The Enigma Collection


The Enigma Collection is meant to be a Web portal for information about the German cipher machine Enigma in all it variations. In the beginning this Web page should be seen as a kind of note board where I post information when my time and energy allows me to do so. Later on, the page hopefully will take on a more definitive form and perhaps it will even be more pleasing to the eye. For the time being the most important issue is to have a place where I can publish my Enigma notes. At the moment I am working on a detailed history of the Enigma and when this will be published, hopefully next year, I plan to publish here many of my research notes and other documents.


Enigma Publications

Here are some of our Enigma related publications from Cryptologia:

Historical Documents

Here are some more historically oriented papers.

Graham Ellsbury has published an impressive collection of historical and cryptanalytical reports. Here is a selection from his
The Enigma and the Bombe page:

Cryptanalytical Documents

For the students who want to fully understand how to analyse and break the Enigma a close study of Alan Turing’s Treatise on Enigma is highly recommended. The papers written by C.H.O’D. Alexander, The Alexander Papers, also contain many important techniques on how to cryptanalyse the Enigma.

The Polish break into the Enigma is described by Marian Rejewski in his paper on  Breaking the Enigma Cipher  The paper has been transcribed by Enrico Grigolon and is reproduced here with the permission of The Institute of Mathematics ©, The Polish Academy of Sciences.

Professor Jiří Tůma has prepared a presentation on the use of permutation group for breaking the Enigma:
Permutation Groups and the Solution of German Enigma Cipher

A question that is frequently posed is how to recover the wheel (rotor) wiring of a machine like the Enigma. Alan Turing explains in his Treatise on Enigma the ‘Rodding’ and ‘Buttoning-up’ procedures that can be used for wiring recovery. Frank Carter has written two very good articles that explain the principles behind ‘Rodding’ and ‘Buttoning-up’, two techniques developed by Dillwyn Knox. They are available here together with other cryptanalytical articles written by Frank Carter. Previously these article where available from the The Bletchley Park Web pages, but now all cryptanalytical information seems to have vanished. I am therefore hosting local copies here:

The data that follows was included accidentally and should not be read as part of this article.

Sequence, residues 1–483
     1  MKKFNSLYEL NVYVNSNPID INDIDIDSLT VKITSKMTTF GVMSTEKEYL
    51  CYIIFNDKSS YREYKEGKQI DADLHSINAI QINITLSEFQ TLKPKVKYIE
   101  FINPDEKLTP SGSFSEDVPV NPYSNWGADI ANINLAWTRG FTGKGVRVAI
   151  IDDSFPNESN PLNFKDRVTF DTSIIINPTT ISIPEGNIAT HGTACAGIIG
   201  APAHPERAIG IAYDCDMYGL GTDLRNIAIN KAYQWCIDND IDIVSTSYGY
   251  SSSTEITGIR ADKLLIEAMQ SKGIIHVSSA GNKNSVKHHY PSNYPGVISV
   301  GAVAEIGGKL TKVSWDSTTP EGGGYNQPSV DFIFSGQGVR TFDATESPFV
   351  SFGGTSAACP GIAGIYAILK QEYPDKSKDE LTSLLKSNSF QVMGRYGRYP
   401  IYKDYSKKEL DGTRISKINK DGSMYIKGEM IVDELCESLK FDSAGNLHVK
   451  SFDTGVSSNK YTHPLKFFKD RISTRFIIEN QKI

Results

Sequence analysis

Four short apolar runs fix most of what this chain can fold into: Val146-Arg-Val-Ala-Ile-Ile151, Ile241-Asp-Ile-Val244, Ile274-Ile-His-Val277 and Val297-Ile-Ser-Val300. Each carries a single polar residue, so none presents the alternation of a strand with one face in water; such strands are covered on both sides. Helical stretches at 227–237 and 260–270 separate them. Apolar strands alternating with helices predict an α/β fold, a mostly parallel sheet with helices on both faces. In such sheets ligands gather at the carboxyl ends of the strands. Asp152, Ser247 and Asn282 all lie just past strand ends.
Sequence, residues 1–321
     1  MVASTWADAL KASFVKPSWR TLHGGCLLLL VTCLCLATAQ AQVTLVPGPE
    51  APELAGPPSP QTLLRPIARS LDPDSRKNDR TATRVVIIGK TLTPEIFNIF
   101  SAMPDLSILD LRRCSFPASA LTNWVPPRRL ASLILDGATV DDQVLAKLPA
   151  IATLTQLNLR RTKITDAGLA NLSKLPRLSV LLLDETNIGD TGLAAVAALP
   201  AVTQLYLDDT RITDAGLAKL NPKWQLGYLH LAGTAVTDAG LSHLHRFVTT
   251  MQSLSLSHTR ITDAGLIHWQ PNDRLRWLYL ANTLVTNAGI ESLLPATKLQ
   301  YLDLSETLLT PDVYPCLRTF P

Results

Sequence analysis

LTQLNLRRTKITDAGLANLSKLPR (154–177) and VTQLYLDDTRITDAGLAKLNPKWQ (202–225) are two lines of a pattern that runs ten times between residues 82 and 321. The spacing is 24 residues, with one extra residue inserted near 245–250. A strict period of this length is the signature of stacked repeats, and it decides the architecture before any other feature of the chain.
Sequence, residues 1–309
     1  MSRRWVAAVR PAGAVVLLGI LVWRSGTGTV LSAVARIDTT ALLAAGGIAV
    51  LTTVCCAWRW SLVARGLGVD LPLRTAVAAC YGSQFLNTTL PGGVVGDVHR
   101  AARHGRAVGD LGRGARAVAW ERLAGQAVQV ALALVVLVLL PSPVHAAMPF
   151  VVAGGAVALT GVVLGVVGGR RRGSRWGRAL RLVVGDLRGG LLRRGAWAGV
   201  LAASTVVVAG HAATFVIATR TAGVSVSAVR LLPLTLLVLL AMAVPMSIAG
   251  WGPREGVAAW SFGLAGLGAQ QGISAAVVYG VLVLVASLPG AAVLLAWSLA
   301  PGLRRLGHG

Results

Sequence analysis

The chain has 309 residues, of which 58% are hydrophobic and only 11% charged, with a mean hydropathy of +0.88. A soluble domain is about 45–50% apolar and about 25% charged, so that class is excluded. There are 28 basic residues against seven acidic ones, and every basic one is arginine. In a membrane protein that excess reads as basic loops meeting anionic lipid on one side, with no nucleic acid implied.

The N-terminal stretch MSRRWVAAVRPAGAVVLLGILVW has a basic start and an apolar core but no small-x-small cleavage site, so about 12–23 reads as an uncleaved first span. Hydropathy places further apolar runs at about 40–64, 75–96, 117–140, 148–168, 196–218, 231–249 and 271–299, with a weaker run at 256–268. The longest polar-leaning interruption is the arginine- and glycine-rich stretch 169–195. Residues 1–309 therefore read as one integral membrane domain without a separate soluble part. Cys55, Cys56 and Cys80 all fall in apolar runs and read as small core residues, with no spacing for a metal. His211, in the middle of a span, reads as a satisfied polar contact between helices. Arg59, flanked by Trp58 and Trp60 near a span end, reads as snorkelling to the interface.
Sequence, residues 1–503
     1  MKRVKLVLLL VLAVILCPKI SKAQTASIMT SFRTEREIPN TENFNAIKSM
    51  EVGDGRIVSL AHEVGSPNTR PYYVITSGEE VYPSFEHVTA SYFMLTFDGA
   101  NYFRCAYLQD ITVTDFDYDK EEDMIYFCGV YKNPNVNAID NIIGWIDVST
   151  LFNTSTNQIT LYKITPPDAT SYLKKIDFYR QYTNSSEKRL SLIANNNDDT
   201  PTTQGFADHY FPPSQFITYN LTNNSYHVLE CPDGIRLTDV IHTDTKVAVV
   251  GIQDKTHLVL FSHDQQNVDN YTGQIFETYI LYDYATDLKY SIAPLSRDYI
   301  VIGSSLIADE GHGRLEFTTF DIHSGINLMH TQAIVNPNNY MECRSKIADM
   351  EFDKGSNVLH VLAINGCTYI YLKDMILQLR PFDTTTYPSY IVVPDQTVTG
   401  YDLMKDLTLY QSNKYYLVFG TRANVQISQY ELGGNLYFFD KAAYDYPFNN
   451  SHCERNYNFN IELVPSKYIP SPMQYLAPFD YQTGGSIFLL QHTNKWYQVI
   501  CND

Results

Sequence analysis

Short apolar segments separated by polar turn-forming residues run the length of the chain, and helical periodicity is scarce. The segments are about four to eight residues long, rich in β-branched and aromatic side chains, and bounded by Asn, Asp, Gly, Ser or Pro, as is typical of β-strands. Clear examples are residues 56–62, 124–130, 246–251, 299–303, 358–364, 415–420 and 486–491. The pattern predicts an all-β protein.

To further increase the knowledge about this topic I am releasing two documents that explain in more detail how to recover the wheel wiring. The first document is written by Dr. Rudolf Kochendörffer (21.11.1911 – 23.8.1980), a German mathematician and Professor at the University of Dortmund who specialized in algebra and group theory. The paper is not dated and as it is in English it probably has been translated by the British or Americans after the Second World War. The text deals with the commercial Enigma, Enigma K. My first guess was that it was written in the early 1930s, but since then I have learned that in 1944 he was an Uffz. (Unteroffizier – non-commissioned officer) working in the Mathematische Referat (mathematical department) of OKH / In 7/IV the German Army High Command’s cryptographic organization. The second document is written by Lt. Robert E. Greenwood, Lt. Andrew M. Gleason, Lt. Alfred H. Clifford and Lt. Cdr. E. H. Hanson, all officers in the US Navy and attached to its signal intelligence department OP-20-G. The wiring recovery method that is described is a lot more powerful than the ‘Rodding’ and ‘Buttoning-up’ methods described by Alan Turing, mainly because it allows recovery of the wiring even when the Stecker is unknown.

The Enigma Series

This series consists of original memoranda written by members of the cryptanalytical research section of the U.S. Naval Communications Intelligence Staff, OP-20-G, and by others working with this research group, OP-20-GE – previously OP-20-GM, whose section head was Lt. Commander Howard H. Campaigne.

I should like to thank Ralph Erskine and Philip Marks for their help with these reports. Ralph Erskine did the first archive research in the Crane Collection located in Record Group 38 at NARA, College Park and he made the first set of copies. Philip Marks then revisited the collection on several occasions to make copies of the reports that I was missing.

The Series Foreword gives the ground rules for understanding these publications.

The Enigma Series Index.

Decoding Projects

Patents and Manuals

Arthur O. Bauer has published a large number of German, Dutch, French, English and US Enigma patents. He has also published a copy of the German instruction manual for the Naval Enigma M4. The copies are available here:

General Information

Enigma Messages and Keys

Enigma Papers and Thesis

Enigma Simulators

Replica Machines

Enigma Links

Here are a few links to other sources of Enigma information:


All rights to the material described on these pages belong to
Frode Weierud, © February 2016

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